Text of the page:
[Milton-L] finding the bad in what you find good

Salwa skhoddam at cox.net
Sat Apr 16 06:19:09 EDT 2016


Dear Gregory,

Thanks for your opinions which are always fascinating and thought provoking.
I suppose I have a more sanguine approach to literary works and other art
works in general. As you know, there are flaws in great films, paintings,
and poetry. I agree that line 6 of Milton’s 23rd sonnet is awkward and does
not follow the metrical scansion of the English iambic line. I read it thus:
PUR-i-fi-CA-tion IN the OLD LAW (technically, a dactyl +2 trochees + a
spondee). But my main point is that one may dilute the beauty of a poem or a
dance, for example, if one focuses on one very small part of it. Think of a
great performance of a ballerina doing pirouettes. Everything is perfection
in her alignment and extensions but she is slightly tilted to one side in
one of her pirouettes. Also, what if a photographer took an unfortunate shot
of her when she had just started to do the arabesque with her legs not
aligned yet and the position not completed? Or if he took a shot of her from
an uncomplimentary angle? Or I’m sure you have seen in films that a
character has, for example disheveled hair in one frame, but in the next his
hair is different, etc. 

Milton’s sonnet is a successful example of the use of syncretism and
allusions. It also is deeply moving. Should it be considered a “poor sonnet”
for some weak lines? Not every line should sing. By the way I can see in my
mind this line put into a “pretty” dance: triple step to the right, two
steps to the left, and a chassé to the left (probably not a “pretty” dance
since I’m not a good dancer.)

Awaiting your “so what,”

Salwa

 

 

Salwa Khoddam, PhD.

Professor of English, Emerita

Oklahoma City University

 

From: milton-l-bounces at richmond.edu [mailto:milton-l-bounces at richmond.edu]
On Behalf Of Gregory Machacek
Sent: Saturday, April 16, 2016 12:56 AM
To: John Milton Discussion List <milton-l at richmond.edu>
Subject: [Milton-L] finding the bad in what you find good

 

Ok, several admirers have now weighed in with emphatic and in some cases
detailed praise of “Methought I saw.” 

It’s now my burden to put more fully than I so far have the case for sonnet
23 being considered a poor sonnet.  Sad task.  First, there’s little
likelihood that I will actually manage to dislodge such ardent and settled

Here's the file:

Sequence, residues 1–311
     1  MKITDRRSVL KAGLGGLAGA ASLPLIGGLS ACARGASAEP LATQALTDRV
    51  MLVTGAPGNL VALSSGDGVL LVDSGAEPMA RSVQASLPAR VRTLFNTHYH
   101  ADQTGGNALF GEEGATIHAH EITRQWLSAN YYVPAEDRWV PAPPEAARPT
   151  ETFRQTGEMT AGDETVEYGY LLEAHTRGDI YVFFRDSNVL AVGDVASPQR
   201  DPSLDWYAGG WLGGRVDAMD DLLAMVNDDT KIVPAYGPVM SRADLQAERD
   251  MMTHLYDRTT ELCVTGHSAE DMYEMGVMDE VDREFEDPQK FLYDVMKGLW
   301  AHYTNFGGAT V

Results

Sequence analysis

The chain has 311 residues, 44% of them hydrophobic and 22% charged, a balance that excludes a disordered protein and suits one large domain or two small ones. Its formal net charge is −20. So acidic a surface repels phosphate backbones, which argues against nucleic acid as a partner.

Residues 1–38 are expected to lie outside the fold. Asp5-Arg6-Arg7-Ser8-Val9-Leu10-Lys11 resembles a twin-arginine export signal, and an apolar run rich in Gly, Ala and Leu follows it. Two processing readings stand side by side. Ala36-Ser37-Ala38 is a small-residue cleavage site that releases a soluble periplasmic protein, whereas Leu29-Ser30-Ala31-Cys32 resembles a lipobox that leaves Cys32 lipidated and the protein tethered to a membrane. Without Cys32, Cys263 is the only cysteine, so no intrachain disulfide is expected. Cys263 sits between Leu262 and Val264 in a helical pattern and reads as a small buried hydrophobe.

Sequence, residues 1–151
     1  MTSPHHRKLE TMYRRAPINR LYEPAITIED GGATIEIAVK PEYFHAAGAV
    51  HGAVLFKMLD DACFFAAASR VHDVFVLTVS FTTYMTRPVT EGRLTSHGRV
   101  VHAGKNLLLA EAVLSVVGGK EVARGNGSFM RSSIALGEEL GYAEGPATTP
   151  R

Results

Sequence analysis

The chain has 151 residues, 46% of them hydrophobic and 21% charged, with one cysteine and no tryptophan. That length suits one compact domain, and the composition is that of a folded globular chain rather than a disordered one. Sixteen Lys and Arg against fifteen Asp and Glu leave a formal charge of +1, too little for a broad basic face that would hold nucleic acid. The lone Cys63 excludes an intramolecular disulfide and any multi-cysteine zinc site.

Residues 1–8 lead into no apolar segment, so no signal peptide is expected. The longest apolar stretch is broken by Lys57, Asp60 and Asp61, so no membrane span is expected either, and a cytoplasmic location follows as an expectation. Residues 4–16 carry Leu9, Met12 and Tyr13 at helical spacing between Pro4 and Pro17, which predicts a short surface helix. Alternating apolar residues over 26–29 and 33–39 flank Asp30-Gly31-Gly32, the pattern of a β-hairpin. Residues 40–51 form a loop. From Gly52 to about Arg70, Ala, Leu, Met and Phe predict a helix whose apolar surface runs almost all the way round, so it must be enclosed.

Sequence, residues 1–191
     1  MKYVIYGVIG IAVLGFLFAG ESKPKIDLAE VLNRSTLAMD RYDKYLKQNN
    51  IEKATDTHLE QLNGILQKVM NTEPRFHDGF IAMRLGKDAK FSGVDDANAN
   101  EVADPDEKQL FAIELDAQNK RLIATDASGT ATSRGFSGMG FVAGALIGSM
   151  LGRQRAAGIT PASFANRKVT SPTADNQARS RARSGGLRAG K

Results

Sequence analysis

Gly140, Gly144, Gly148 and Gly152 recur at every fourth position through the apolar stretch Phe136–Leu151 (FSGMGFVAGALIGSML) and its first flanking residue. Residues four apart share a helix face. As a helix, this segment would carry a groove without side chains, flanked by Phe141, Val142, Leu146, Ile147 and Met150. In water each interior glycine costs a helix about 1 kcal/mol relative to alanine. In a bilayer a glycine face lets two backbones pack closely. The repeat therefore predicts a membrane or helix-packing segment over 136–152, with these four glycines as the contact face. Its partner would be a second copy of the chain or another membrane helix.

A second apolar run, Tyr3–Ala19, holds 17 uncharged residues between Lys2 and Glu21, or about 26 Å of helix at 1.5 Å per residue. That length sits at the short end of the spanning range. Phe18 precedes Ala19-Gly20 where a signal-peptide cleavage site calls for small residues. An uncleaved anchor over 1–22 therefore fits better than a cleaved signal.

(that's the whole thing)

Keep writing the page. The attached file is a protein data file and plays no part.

affection.  And say I were to succeed; what would have succeed in but
stripping some dear colleague of the joy he or she takes in this sonnet?

Still, Johnson meant something when he unhesitatingly and categorically,
indeed almost nonchalantly, labeled the poem poor.  And I feel I have some
sense what he might have meant.  So here goes.

I’m going to work outward from what I’ve called the rhythmic dud of line 6.
It is a dud.  You just have to listen to Richardson’s beautiful recital to
hear how rhythmicality, sustained otherwise throughout the entirety of the
sonnet, falters as it hits the vacuity of that over-rapid succession of
syllables, “Purification in,” that a voicer just can’t do anything with. 

It’s not incorrect what’s been said several times: that both an initial
trochee and a pyrrhic spondee are  common deviations within the pentameter.
I think “Laurel and myrtle and what higher grew” could probably be marked
with the same scansion as this line.  Then what’s the problem here?  It’s
the five-syllable word.  I know we generally ignore word boundaries when we
scan, but words longer four syllables assert themselves on the rhythm in
ways that shorter words don’t.  Here “purification” has to hurry its
syllables along to keep itself together as a word.  No, not every line has
to sing; but this one gasps.  /xx/x is a poor line opening when it is one
word.

Will Milton’s own practice elsewhere convince you?  In the 10,000+ lines of
PL, he only once has a five-syllable word with this /xx/x pattern of
accentuation at the opening of a line.  And that’s not due simply to the
rarity of five-syllable words in general, for we have abominations
irreconcilable, inexorably, deliberation, illimitable, uninterrupted,
insuperable, insinuating, inseparably and half a dozen others.  No, it’s
because he knows in general to stay away from /xx/x five-syllable words.
Moreover, in the single case where he does use an /xx/x word (Justification
towards God and peace), he more decisively returns to iambicity with the
sixth syllable than he does in “Purification . . .” (when it’s a disyllable,
towards is for Milton stressed on the first syllable).

Milton knows better than to do what he does in line 6 of Sonnet 23.

--All right, for heaven’s sakes, the first half of line 6 of sonnet 23, is
not, prosodically speaking, Milton’s finest second (the flaw you’re
highlighting lasts literally one second, Machacek!).  So what?*

Well, this is getting long and it’s getting late, so the “so what” will have
to wait.

*Sorry to speak on y’all’s behalf.  Do feel free to tell me if you don’t
gran’t me even as much as I’ve argued for here.




Greg Machacek
Professor of English
Marist College

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